Two Sisters by Âsne Seierstad review: one father’s hunt for his daughters lured into IS
Two Sisters is a grimly informative study of how not only societies but families too can be riven and sundered by unquestionable, fanatical belief, says David Sexton
Asne Seierstad made her name with a series of closely reported books set in conflict zones, including her 2002 bestseller, The Bookseller of Kabul, followed by One Hundred and One Days: A Baghdad Journal, and Angel of Grozny: Inside Chechnya. Then, in 2015, she turned to events in her own country with One of Us: The Story of Anders Breivik and the Massacre in Norway.
Her latest bestseller, Two Sisters, is the story of two Somali teenagers, Ayan, 19, and Leila, 16, who, in October 2013, having become radicalised in Oslo, secretly left the family home and made their way to Syria. Their father, Sadiq Juma, followed them three days later, first to Turkey and then into Syria, to try to bring them home. With the help of local fixers he made contact with them but they told him they had not been kidnapped, they had planned it for a year and had done it “100 per cent for Allah’s sake”. They were with Daesh — and Ayan was already married to a Norwegian Eritrean jihadist.
After appealing to a local Islamic court, Sadiq was allowed to meet Ayan again for just four minutes, and then, lured by the promise of another meeting with his daughters, kidnapped by IS, accused of being a spy and beaten and tortured for 13 days in a prison adapted from a sewage plant. Only after he had convinced a sharia prosecutor that he was simply a father looking for his daughters did he somehow manage to escape.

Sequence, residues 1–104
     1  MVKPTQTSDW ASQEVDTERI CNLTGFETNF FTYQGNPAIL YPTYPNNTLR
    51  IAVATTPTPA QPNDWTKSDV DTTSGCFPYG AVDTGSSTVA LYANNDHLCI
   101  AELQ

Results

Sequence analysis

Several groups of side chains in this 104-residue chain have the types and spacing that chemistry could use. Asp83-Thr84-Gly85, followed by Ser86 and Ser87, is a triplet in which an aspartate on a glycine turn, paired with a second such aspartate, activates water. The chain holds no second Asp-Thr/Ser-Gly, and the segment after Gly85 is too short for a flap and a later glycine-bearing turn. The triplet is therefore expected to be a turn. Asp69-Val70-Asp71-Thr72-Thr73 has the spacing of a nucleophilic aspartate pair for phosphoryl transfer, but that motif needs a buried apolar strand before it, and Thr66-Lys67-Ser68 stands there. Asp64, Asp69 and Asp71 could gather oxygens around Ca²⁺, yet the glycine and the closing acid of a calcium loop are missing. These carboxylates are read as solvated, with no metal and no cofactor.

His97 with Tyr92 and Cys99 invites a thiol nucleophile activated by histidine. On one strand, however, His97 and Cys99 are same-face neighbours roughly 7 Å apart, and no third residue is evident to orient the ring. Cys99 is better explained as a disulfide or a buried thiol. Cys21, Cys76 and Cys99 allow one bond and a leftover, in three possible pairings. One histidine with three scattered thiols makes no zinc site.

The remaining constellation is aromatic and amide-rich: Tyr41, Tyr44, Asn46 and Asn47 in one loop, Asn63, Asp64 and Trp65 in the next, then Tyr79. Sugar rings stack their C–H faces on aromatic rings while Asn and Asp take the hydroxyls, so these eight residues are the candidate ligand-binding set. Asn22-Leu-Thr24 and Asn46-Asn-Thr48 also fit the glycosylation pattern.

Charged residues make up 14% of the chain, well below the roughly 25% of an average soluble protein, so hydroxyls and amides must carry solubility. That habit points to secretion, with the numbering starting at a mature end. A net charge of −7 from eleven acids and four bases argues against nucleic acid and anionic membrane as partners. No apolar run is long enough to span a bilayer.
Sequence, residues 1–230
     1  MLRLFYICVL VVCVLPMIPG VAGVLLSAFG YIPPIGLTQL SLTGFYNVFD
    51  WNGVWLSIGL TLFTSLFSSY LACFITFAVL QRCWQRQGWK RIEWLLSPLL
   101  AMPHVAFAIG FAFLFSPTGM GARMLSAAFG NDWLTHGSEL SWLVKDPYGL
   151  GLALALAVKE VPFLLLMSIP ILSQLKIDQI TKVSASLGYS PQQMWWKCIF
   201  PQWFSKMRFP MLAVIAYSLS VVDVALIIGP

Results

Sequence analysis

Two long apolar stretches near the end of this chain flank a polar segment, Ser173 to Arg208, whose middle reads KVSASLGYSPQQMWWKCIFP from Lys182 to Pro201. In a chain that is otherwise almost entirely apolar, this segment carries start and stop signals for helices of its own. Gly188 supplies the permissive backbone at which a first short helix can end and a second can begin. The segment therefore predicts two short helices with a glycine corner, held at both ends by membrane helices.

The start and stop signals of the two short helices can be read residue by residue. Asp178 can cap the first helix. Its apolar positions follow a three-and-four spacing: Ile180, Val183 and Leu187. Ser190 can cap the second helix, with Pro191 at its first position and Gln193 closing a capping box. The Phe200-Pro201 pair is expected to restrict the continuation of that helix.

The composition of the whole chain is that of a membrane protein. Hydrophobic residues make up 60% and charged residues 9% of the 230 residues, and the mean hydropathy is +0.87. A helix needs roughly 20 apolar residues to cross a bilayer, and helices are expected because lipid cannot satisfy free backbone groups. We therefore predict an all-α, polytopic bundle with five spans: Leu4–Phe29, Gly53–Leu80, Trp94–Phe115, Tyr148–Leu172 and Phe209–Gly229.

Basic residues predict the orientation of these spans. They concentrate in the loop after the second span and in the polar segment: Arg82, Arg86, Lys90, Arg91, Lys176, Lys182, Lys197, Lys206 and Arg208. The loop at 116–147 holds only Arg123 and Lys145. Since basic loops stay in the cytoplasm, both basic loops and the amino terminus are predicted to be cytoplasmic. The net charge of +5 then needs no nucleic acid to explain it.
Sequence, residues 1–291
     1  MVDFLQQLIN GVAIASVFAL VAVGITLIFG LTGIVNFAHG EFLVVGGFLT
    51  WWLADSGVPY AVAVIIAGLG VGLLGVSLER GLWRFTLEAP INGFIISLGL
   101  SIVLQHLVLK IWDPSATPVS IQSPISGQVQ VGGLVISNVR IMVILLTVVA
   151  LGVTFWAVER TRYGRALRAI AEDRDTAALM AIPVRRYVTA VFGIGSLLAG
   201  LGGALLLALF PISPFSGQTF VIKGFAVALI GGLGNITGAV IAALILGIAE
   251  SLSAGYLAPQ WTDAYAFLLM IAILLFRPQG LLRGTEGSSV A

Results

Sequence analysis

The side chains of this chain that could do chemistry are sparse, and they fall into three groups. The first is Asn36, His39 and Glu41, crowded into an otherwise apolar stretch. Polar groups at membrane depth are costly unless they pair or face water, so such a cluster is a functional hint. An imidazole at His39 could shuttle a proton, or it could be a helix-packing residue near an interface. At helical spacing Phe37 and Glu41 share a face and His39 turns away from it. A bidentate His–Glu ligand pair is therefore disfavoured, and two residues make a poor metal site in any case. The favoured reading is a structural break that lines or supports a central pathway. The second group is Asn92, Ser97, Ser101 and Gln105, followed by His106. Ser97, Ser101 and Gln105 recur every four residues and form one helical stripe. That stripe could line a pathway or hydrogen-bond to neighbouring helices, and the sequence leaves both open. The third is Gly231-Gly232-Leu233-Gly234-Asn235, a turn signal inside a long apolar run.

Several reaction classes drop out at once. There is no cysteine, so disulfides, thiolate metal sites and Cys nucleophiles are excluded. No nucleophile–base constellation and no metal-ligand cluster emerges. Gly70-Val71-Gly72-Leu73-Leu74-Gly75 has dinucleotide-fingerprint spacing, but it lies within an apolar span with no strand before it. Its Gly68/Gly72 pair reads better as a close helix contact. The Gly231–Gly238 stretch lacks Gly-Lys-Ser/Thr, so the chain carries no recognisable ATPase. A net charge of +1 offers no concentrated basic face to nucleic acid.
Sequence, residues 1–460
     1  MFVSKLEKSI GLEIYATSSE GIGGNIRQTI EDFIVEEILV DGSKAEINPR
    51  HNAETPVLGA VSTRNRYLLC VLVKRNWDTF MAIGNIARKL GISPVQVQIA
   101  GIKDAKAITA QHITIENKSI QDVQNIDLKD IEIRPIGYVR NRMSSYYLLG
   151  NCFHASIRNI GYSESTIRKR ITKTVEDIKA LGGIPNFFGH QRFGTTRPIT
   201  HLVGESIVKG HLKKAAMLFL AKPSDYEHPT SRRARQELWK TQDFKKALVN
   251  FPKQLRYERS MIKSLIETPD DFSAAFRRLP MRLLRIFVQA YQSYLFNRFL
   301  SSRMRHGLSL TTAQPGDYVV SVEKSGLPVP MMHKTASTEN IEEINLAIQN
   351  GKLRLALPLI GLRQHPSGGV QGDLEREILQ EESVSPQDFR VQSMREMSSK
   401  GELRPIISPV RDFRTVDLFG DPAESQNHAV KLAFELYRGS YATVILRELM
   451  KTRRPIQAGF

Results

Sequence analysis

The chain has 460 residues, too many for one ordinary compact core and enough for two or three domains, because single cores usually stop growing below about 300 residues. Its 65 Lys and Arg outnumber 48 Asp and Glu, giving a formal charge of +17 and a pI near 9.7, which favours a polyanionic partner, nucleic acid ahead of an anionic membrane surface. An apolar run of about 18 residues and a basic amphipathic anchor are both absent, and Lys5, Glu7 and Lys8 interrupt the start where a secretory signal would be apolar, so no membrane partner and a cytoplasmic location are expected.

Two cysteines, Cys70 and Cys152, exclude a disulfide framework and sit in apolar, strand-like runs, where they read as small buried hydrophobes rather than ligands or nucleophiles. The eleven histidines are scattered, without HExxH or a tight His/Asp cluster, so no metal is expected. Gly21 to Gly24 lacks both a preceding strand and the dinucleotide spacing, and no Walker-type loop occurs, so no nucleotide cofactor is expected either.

Sadiq returned to his broken family in Oslo, still trying from there to rescue the girls, who did not want to be rescued. Meanwhile, IS set about the creation of Islamic State in Syria and Iraq, making Raqqa the capital, taking Tikrit and Mosul, and proclaiming the caliphate in June 2014, soon following up with the release of the horrific beheading videos of Western hostages, starting with James Foley.
Both Ayan and Leila, now herself married to a British Somali jihadist, remained in Raqqa, both having baby daughters. Seierstad’s book, published in Norwegian in 2016, leaves them there. Although the city fell last autumn, they are believed still to be in Syria somewhere.
Seierstad announces her story as a “documentary account”, based always on testimony, whether in the form of extensive interviews with the girls’ family and friends, written records or retrieved texts and emails. She has shaped this enormous amount of material into a quasi-novelistic form, taking the liberty of reconstructing not just conversations but thoughts.
Beginning with the night the sisters ran off and Sadiq’s initial pursuit of them, it then loops back to look at the girls’ upbringing in Norway before returning to take on the story of Sadiq’s misadventures in Syria, all this part evidently based mainly on Sadiq’s own account. Thereafter the book lacks propulsion, since the basic situation alters little, and Seierstad has to rely heavily on the intermittent text and email exchanges the sisters had with their family, including their sceptical brother Ismael, back in Oslo.
Seierstad claims impartiality. “I offer no explanation, neither of what attracted them to Islamic radicalism nor what propelled them out of Norway. I relate my findings. It is up to each reader to draw his or her own conclusions.”
Nevertheless, a short final section, boldly taking “hell is other people” as its epigraph, offers a summary of what the girls sought, and closes with an appalled guess at what the lives of their baby girls will be in the aftermath of the caliphate. “They will discover that hell is here. Hell is us. If they survive.”